June 2019Edexcel June 2019AQA June 2019OCR June 2019Eduqas June 2019 
Nov 2019Edexcel November 2019AQA November 2019OCR November 2019Eduqas November 2019
Nov 2020Edexcel November 2020AQA November 2020OCR November 2020Eduqas November 2020
Nov 2021Edexcel November 2021AQA November 2021OCR November 2021 Eduqas November 2021 
June 2022Edexcel June 2022AQA June 2022OCR June 2022Eduqas June 2022 
June 2023Edexcel June 2023AQA June 2023OCR June 2023Eduqas June 2023

What proportion of students achieve each GCSE grade?

This will vary between different year groups and different subjects. The grade boundaries are not decided so that a certain proportion achieve each grade but by the difficulty of the paper and the prior data of the cohort taking the paper.

We can, however, look at data from previous years to give us an idea of the proportion of students who achieve each grade.

Let’s look at the data for 2022 and 2023, the two most recent exam sittings. The following percentages of students achieved each grade:

2022U1234567899-4
Maths2.5%7.5%11%13% 17%16%10%8.4%7.1%4.4%64.9%
Total1.6%4%8.5% 13% 14%. 17.4%14.7%10.9%8.5%6.6%73%

2023U1234567899-4
Maths2.5%7.6%12.6%16.3%17.9%15.8%10.1%7.6% 6.2%3.3%61%
Total2%4.9%9.3%16%15%16%14%9.6%7.1%4.9%67.8%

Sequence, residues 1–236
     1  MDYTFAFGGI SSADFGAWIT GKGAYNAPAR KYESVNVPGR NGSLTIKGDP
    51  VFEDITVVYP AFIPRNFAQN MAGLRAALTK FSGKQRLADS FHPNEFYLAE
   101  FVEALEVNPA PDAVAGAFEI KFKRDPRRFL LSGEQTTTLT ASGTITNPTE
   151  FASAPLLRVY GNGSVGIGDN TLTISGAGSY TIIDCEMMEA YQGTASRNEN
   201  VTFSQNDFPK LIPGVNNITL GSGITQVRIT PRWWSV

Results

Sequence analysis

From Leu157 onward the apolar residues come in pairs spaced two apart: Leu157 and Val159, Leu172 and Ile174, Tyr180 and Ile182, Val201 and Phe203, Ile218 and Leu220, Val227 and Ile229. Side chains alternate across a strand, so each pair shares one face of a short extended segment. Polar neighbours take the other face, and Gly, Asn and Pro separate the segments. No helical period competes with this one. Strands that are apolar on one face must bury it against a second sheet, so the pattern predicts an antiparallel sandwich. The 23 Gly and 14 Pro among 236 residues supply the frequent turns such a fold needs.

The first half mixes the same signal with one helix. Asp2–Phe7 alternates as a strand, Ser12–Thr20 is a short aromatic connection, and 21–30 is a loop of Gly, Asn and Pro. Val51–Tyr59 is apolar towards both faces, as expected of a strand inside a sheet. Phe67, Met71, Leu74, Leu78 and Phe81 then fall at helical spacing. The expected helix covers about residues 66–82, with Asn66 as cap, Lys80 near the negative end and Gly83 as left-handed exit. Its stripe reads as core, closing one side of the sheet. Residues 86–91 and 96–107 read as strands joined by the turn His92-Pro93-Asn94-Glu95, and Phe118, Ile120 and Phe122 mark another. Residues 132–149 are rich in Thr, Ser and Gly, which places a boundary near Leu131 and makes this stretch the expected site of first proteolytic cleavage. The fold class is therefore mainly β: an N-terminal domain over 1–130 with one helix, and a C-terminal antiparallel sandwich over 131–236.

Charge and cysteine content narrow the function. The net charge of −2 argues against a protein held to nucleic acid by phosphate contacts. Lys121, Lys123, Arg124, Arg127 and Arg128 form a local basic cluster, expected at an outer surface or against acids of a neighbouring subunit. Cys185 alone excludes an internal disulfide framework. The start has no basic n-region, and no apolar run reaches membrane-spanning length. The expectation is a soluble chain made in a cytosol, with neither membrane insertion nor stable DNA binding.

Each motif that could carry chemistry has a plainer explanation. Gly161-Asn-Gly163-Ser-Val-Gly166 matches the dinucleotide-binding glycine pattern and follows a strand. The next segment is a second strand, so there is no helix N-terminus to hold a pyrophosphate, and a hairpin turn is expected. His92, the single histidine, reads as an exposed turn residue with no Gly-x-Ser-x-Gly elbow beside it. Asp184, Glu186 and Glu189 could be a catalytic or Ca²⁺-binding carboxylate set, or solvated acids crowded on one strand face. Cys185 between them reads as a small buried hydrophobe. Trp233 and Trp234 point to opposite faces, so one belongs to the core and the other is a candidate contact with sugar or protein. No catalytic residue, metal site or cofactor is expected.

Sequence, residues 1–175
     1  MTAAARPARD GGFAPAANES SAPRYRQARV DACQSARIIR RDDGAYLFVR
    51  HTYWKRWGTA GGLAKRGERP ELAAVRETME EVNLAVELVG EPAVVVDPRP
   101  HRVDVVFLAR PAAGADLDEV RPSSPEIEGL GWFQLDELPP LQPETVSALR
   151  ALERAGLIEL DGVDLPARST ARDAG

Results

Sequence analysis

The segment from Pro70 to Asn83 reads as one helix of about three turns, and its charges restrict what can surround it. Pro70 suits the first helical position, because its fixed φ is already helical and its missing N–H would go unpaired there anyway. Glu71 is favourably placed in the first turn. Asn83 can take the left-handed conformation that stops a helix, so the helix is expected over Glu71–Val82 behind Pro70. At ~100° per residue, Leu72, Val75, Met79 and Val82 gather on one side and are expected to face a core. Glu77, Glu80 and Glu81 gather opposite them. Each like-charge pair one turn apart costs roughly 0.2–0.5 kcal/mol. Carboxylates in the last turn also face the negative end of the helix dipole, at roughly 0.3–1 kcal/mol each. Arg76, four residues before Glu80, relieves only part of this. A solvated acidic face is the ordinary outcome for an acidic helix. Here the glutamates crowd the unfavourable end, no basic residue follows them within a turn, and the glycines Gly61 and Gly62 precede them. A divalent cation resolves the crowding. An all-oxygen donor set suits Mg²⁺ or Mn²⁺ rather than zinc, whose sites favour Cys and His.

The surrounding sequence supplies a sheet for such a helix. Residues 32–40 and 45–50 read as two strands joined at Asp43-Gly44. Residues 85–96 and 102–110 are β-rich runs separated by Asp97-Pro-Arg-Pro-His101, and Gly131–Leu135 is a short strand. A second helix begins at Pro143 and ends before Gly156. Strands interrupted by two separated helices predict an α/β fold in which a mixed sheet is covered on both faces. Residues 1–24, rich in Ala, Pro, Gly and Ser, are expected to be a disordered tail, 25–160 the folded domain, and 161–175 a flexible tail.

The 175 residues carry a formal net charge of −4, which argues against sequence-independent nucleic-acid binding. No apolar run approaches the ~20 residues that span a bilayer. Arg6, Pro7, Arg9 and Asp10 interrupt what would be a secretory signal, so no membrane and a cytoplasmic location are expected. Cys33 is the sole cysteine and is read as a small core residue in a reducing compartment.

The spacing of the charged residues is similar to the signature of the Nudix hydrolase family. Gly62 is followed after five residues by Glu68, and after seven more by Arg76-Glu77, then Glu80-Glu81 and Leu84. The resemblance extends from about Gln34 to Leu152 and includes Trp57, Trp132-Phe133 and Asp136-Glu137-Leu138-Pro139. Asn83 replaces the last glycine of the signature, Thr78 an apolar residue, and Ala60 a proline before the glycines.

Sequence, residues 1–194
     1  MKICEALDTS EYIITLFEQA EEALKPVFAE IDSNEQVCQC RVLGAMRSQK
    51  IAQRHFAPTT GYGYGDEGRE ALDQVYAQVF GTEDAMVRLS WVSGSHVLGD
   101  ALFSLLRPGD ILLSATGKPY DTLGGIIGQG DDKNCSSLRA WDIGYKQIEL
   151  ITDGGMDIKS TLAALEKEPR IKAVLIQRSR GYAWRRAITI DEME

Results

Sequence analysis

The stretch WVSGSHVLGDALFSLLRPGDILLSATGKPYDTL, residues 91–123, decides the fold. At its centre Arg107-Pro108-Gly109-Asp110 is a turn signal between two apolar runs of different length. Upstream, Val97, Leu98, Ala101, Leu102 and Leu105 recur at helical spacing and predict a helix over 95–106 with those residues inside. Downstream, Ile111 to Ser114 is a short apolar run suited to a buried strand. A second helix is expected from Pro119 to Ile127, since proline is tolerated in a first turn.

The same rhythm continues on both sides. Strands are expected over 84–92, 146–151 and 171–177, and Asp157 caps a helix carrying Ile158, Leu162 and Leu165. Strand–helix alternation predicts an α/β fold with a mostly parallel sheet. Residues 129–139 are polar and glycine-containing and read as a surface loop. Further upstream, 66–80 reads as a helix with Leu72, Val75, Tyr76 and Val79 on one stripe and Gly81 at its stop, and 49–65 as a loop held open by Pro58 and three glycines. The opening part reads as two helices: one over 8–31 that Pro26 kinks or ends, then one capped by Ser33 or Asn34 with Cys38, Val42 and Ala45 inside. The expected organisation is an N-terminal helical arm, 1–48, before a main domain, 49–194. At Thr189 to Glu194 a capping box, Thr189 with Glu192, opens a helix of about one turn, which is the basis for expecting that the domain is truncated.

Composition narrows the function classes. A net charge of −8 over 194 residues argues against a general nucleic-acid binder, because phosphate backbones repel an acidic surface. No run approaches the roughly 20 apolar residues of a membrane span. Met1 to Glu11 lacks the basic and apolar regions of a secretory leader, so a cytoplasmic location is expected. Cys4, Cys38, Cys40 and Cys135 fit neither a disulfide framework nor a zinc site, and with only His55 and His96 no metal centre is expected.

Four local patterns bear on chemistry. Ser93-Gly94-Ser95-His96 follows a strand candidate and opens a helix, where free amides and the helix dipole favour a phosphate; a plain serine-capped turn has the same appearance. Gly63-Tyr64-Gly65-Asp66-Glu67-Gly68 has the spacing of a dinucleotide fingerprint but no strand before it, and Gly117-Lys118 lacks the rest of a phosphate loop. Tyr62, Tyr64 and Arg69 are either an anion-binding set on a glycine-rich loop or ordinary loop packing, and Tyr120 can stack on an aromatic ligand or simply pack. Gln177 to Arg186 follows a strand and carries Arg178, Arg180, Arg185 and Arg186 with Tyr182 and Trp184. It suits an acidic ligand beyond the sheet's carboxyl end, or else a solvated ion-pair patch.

You can see from both tables that the percentage of students achieving grades 9-4 in Maths is lower than the percentage receiving grades 9-4 across all subjects.

The results for GCSE English language are similar to those for Maths, and one factor in this could be that every student has to take Maths and English, whereas other subjects are chosen by the student.

Centre assessed grades in 2020 and 2021

It is interesting to compare the results in 2018 and 2019 to those in 2020 and 2021 when results were decided by teacher assessment and 2022 and 2023 when we were all dealing with the impact of the pandemic.

The following chart shows the proportion of students achieving each grade in maths over the years 2018-2023:

We can see that in 2020 and 2021 the percentages achieving the lower grades noticeably decreased compared to 2018 and 2019, whilst the percentages achieving the higher grades increased. This is particularly noticeable in the percentage achieving grades 9-4.

Examining previous data, we can see that this is an anomaly due to the COVID-19 pandemic and is one that does not just affect the maths results. Examiners have been working over the last two years to bring the results back to pre-pandemic levels.

The following table shows the percentages gaining 9-4, or the equivalent A*-C, over the past 10 years:

Maths A*-C or 9-4Total A*-C or 9-4
202361%67.8%
202264.9%73%
202169.2%76.9%
202066.4%75.9%
201959.6%67%
201859.4%66.9%
201759.4%65.3%
201661%66.9%
201563.3%69%
201462.4%68.8%

The percentages remained fairly consistent, even during the crossover to the new grading system, until 2020.

In fact, maths was one of the subjects that was affected least. If we look at computer science, for example, the percentage achieving 9-4 jumped from 62.6% in 2018 to 80.1% in 2020.

In 2022, Ofqual’s aim was to provide a transition period, with the aim of ultimately returning to pre pandemic levels in 2023. We can see that the distribution of maths results did not really fit the pattern in 2022, although the overall percentage achieving grades 9-4 in maths was in between the percentage who achieved 9-4 in 2018/2019 compared with 2020/2021.